An experiment in beetles shows that when parents care for their young, the population accumulates more mutations over time, but this may have benefits
An evolution experiment involving beetles has provided the first direct evidence that caring for offspring results in the accumulation of more genetic mutations in a population.
Some of the mutations are likely to be harmful, but there is also a positive side, as having more variation may allow populations to adapt and evolve more quickly when circumstances change.
“You’re holding in a lot of deleterious stuff,” says Rahia Mashoodh at the University of Cambridge. “But also, you’re holding in potentially a lot of good stuff that is going to help you rapidly adapt.”
Mutations are constantly occurring in cells, meaning that all animals have mutations their parents didn’t have. Every human has around 50 to 100 new mutations, for instance. Many of these mutations make no difference, a few might be beneficial and some are harmful.
There are also evolutionary processes that remove mutations from animal populations. Individuals that inherit lots of harmful mutations are more likely to die without reproducing.
The average number of mutations in individuals in any population – called the mutation load – depends on the strength of these evolutionary processes, and will change when their strength changes. It has been suggested, for instance, that the decrease in child mortality around the world over the past centuries is leading to an increase in the mutation load.
In theory, parental care in any animal should lead to the accumulation of mutations in the population by enhancing the survival of offspring, but this has never been put to the test. To do so, Mashoodh and her colleagues have been experimenting with burying beetles (Nicrophorus vespilloides), also known as sexton or carrion beetles.
These beetles seek out the dead bodies of small animals such as mice or birds. A male and female will pair up at a corpse, fight off other beetles and bury the body. They will then remove any feathers or fur on the corpse before coating it in antimicrobial fluids to form a so-called carrion nest. They also remove the gut and smear it over the nest. Then they lay eggs nearby.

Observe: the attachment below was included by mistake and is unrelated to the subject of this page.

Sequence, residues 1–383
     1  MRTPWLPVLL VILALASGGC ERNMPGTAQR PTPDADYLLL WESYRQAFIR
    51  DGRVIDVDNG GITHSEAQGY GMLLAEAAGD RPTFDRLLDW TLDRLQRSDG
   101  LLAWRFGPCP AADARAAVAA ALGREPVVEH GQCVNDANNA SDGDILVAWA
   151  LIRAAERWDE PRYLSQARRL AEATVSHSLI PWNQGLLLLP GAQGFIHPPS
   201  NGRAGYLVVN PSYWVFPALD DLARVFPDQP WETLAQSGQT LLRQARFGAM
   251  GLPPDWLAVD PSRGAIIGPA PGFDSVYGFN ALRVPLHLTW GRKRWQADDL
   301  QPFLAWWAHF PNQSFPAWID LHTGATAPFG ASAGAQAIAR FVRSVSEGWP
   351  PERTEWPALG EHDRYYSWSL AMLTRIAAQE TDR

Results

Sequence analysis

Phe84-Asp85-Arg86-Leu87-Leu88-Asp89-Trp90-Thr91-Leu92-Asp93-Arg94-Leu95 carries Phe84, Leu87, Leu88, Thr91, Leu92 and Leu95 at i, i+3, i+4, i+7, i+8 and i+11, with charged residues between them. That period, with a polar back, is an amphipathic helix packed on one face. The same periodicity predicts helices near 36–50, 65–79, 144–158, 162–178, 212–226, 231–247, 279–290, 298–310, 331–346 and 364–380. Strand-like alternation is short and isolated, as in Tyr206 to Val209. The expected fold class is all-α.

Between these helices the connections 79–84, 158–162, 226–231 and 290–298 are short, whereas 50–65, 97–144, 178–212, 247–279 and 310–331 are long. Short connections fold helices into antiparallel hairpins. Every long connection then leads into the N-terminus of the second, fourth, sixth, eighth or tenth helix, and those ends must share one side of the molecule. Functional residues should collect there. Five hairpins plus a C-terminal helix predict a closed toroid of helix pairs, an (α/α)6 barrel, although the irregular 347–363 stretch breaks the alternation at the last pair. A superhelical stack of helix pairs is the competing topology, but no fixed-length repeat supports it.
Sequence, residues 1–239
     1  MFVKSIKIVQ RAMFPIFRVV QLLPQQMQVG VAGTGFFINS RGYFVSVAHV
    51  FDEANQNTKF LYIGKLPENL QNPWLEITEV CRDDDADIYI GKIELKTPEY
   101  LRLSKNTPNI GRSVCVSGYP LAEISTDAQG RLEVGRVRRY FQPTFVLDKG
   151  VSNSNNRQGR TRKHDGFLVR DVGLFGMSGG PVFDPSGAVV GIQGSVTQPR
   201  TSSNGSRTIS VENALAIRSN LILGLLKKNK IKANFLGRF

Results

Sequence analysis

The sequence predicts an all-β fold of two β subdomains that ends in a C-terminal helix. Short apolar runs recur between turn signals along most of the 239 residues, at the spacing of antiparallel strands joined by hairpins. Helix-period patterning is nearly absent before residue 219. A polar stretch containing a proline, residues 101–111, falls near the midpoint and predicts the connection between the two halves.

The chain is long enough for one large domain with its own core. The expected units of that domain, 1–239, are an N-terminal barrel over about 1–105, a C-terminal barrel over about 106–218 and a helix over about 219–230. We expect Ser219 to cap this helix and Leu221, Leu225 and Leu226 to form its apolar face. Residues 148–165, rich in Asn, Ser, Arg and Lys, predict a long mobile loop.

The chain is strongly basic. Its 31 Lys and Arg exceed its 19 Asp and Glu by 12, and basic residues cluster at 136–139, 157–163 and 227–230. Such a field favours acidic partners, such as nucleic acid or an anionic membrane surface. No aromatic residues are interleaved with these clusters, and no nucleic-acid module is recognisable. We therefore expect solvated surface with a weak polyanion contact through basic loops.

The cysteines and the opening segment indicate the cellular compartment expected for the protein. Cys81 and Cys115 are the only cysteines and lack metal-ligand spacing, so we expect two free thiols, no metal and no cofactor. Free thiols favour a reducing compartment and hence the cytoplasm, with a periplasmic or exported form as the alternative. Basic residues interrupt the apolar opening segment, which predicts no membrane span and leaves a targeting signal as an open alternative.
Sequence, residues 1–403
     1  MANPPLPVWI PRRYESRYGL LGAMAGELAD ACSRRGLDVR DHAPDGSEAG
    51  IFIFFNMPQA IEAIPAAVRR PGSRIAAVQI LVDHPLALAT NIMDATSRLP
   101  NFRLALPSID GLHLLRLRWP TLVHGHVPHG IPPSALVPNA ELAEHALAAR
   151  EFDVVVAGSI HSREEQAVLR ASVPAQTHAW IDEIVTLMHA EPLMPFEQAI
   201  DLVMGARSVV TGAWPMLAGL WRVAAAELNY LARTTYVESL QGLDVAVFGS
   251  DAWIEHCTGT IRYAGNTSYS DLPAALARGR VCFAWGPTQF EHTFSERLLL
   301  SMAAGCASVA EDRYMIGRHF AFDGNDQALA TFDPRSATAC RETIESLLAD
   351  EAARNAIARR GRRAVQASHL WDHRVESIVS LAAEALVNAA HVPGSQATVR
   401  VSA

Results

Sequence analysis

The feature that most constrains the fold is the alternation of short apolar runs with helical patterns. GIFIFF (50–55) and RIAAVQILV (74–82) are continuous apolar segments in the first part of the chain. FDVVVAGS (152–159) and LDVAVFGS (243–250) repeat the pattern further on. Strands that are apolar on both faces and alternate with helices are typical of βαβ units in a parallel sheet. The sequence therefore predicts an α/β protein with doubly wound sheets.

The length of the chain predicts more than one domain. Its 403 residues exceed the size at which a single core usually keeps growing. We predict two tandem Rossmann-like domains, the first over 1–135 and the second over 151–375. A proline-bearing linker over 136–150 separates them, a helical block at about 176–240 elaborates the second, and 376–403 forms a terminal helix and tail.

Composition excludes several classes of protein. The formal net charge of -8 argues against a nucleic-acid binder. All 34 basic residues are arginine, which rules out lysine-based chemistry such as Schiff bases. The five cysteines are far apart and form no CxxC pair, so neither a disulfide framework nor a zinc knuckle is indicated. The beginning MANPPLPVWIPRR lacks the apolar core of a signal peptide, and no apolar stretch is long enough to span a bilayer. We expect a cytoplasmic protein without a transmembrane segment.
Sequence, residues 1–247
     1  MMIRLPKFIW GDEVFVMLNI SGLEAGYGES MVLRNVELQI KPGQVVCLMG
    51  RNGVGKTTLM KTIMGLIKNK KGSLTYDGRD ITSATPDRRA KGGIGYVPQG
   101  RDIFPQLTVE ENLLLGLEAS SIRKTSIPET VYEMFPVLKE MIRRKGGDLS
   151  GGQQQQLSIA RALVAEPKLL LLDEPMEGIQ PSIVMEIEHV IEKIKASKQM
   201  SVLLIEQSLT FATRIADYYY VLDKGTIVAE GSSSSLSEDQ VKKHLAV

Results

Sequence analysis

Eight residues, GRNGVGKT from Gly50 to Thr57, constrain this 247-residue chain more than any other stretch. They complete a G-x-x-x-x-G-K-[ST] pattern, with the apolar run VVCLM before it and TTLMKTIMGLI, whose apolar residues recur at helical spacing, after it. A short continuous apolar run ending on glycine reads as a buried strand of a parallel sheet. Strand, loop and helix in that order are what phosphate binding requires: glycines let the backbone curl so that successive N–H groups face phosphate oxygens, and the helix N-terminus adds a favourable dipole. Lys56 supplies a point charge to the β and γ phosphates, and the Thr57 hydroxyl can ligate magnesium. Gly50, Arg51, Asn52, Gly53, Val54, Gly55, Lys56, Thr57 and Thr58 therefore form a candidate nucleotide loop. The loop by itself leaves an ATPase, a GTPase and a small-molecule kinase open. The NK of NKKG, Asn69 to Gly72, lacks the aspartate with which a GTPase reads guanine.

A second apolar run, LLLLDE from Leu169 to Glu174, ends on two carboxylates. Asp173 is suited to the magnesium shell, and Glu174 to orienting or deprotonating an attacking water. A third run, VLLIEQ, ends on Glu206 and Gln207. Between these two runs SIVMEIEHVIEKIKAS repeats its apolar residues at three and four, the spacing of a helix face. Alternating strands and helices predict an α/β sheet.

Unusually among beetles, the parents may stick around and care for the young. They not only protect them from predators, but also feed the larvae regurgitated carrion. The larvae even beg for food by raising up the front half of their bodies.
The level of parental care varies in the wild, Mashoodh says, with the adults sometimes leaving after laying eggs. So she and her colleagues set up four populations of 60 to 80 beetles in the lab. In two, the parents were removed after laying eggs. In the other two, the parents remained with their offspring throughout their time as larvae. The populations were allowed to evolve over 30 generations, and the entire genomes of a few larvae were sequenced with each generation.
The “no care” populations rapidly evolved to cope with the loss of parental care. For instance, their mandibles became larger to help them penetrate the carrion nest, and they also became more social and cooperative with their siblings.
“They have to rely on their sibling instead of their parents,” says Mashoodh. “They’re able to rapidly adapt because they harbour so much genetic variation.”
When the experiment was brought to an end by the covid-19 pandemic, there was less genetic variation among the no-care populations than among the cared-for populations, as measured by the number of single-DNA-letter mutations. “If we remove care, a lot of genetic variation is whittled away,” says Mashoodh.
The team also showed that many of these mutations are harmful. When they inbred beetles that got parental care – so that offspring had the same mutations in both copies of genes, not just one copy – the populations rapidly went extinct, says Mashoodh.
“It is very interesting work,” says Ruben Arslan at the University of Leipzig in Germany, whose work suggests unexpected processes are limiting the mutation load in people despite the fall in child mortality. “This has been much-discussed and posited but without much experimental evidence to show for it.”
Katrina McGuigan at the University of Queensland in Brisbane, Australia, has some concerns about the study’s methods. “At a brief glance, I’m somewhat sceptical of the interpretation that the parental care treatments did differently affect the genetic variance,” she says.
But Mashoodh says the team have taken the issues raised by McGuigan into account in their calculations.
Reference: bioRxiv, DOI: 10.1101/2023.01.09.523216
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